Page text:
Monday, December 22, 2008

Happy Holidays: We're Shutting Down

One of the ideas that I address in 06E:001 (Prin. of Micro) is the issue of when does it make sense for a firm to shut-down, which is different than exiting in economics. By shutting down, the firm is making a short term (or short-run) decision that it is better not to produce and temporarily stop its operations than to keep producing, where exiting can be thought of as "going out of business", a permanent (or long-run) decision. With the recession upon us, we are seeing some rather large firms shutting down.

Typically, Chrysler does not operate from December 24th to January 5th, but this year is adding an additional two weeks due to the recession. Likewise Ford and General Motors are shutting down for longer than normal due to the economic downturn. Now we have word that some of the largest US tech firms are shutting down due to the economic downturn.

So when does it make sense for a firm to shut-down? Typically firms shut-down when the average revenues (or price) is less than the average production costs (or average variable costs). When this happens, the firm incurs greater amounts of losses than if it does not produce at all, which economists call fixed costs. Thus it comes down to the following decision: Which would you rather lose; $100 by producing or $50 by not producing? For me, I would rather lose neither, but if forced to answer, I would rather lose $50. Thus if the loss of shutting down ($50 in my simple example) is a smaller loss than the loss of continuing operations and producing ($100 in my example) then the firm rationally shuts down such as we are seeing in the automobile and technology industries.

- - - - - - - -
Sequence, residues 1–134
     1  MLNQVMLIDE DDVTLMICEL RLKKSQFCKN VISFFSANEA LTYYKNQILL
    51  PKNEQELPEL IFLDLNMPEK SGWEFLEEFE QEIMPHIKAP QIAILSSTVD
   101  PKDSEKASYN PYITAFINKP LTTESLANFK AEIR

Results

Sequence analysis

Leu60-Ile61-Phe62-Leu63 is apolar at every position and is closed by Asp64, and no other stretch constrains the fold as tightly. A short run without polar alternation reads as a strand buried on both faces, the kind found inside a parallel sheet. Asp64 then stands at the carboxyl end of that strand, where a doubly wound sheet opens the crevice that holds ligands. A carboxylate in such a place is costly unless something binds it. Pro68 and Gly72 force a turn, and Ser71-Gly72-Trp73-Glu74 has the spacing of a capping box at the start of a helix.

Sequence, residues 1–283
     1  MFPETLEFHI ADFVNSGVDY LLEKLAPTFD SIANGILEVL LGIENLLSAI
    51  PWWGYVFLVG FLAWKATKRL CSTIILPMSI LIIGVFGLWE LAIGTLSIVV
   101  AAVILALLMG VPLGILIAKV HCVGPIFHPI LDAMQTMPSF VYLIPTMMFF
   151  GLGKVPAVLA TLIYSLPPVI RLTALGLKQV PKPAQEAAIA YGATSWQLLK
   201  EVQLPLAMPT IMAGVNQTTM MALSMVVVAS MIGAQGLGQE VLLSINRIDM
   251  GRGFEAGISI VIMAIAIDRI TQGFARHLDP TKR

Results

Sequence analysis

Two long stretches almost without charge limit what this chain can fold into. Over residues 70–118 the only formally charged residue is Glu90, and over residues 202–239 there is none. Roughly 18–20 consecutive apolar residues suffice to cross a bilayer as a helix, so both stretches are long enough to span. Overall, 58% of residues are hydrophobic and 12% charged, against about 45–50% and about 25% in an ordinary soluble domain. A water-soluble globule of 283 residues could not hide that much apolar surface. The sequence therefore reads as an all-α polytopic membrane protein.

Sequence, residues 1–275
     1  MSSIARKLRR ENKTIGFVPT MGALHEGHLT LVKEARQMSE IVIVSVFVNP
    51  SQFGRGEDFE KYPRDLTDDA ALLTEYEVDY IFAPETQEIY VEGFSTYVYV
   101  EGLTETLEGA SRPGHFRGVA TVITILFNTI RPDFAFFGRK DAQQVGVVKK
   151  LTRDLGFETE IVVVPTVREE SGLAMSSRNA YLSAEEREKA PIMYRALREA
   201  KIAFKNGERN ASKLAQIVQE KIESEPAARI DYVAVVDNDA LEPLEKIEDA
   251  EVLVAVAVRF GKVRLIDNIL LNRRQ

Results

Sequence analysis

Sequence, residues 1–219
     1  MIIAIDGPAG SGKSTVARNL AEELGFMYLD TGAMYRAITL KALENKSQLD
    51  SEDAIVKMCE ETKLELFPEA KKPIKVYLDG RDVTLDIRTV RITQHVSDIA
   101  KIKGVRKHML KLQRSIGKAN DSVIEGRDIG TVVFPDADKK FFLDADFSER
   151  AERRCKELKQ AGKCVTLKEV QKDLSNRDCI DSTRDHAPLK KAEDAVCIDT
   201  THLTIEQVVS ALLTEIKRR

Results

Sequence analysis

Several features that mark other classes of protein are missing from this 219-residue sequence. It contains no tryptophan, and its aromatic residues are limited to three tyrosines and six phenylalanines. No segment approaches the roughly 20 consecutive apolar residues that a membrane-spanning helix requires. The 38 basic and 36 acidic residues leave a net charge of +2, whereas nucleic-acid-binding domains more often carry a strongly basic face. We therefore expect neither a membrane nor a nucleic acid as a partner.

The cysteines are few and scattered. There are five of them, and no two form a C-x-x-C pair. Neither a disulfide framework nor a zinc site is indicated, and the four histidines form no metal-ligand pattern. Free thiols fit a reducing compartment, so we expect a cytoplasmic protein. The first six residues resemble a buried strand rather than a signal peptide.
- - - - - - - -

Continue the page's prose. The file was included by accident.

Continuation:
UPDATE: Honda shut down UK plants for four months at the beginning of 2009.
UPDATE: Toyota to shut down US plant in 2010.

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